But first, congratulations to all the winners of the Hugo and associated rewards! You can see the full list on tor.com. Women once again dominated in the trophy winning, which might have made some people unhappy, but I thought it was great. It’s about time some of our fantastic female writers got their due. And I’m also glad to see lots of young fans, from many nations, of all and sundry genders.
The convention ran into problems with serious overcrowding, because attendance wildly exceeded expectations. Tons of people registered at the last minute, or showed up without preregistering or hoping for day passes, which they had to stop selling. Combined with this, the local authorities strictly enforced the fire laws, so that no standing room was permitted in any of the rooms. The result was crazy long lines, lots of folk not getting into panels they wanted to see, and plenty of hair pulling. The con committee rallied, worked with the convention center, and got some of the more popular events moved to larger rooms, and even added additional panels at the last minute. It was a tough recovery, but I think they did a good job under difficult circumstances.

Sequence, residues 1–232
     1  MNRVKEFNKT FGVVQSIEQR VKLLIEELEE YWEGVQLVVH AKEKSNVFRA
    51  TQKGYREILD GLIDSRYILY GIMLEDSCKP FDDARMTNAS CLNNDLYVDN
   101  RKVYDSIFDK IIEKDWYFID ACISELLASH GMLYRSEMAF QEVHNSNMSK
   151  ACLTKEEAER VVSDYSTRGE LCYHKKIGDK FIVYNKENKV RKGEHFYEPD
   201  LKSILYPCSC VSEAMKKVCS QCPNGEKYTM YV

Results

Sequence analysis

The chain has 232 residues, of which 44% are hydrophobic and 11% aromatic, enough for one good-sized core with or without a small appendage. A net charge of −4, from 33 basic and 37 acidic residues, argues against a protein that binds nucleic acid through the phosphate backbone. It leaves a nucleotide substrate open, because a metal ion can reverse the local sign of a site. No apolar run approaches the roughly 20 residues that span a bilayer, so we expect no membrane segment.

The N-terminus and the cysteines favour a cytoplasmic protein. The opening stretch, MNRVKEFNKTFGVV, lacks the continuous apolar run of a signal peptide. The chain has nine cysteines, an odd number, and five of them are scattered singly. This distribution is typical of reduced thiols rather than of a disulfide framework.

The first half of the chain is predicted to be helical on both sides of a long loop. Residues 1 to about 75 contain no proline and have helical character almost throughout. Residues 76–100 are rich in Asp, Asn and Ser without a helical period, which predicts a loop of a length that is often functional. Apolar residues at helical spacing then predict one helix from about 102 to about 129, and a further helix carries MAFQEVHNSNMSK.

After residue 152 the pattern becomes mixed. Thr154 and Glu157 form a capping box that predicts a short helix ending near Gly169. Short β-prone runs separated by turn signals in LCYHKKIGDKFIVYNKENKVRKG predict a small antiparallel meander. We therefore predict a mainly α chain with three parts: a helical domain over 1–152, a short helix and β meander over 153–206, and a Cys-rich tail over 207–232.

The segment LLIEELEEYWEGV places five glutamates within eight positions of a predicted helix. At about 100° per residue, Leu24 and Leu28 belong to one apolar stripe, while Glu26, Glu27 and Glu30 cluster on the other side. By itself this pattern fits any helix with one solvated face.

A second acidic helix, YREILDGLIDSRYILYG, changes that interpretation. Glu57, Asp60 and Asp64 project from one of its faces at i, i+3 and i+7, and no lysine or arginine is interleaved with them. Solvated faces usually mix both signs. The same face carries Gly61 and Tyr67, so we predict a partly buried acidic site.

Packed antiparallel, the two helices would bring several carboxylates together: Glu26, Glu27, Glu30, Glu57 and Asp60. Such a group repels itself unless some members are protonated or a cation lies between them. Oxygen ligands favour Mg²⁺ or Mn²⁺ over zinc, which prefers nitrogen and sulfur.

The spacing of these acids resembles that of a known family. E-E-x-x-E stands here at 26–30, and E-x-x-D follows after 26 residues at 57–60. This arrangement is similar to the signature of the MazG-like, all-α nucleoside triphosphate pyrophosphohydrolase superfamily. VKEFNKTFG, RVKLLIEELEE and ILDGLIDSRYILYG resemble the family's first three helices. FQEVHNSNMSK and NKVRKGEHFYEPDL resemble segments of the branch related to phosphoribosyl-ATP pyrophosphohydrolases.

My own panels over the last few days included one on keeping yourself motivated in writing, a topic that drew plenty of interest. Friday we were on for writing space opera and writing collaboratively, and both were well attended and fun discussions. I was moderating both, so I was revved up keeping things moving.
Today I had two big panels that I was not moderating, one on the future of physics, and one on world building. Both were a lot of fun. Here’s a sort of blurry picture of the world building panel, with (from left to right) Jon Oliver, Alex Acks, me, and George R.R. Martin. The audience for this one was huge, as you might expect. It was a lively and interesting discussion, I thought.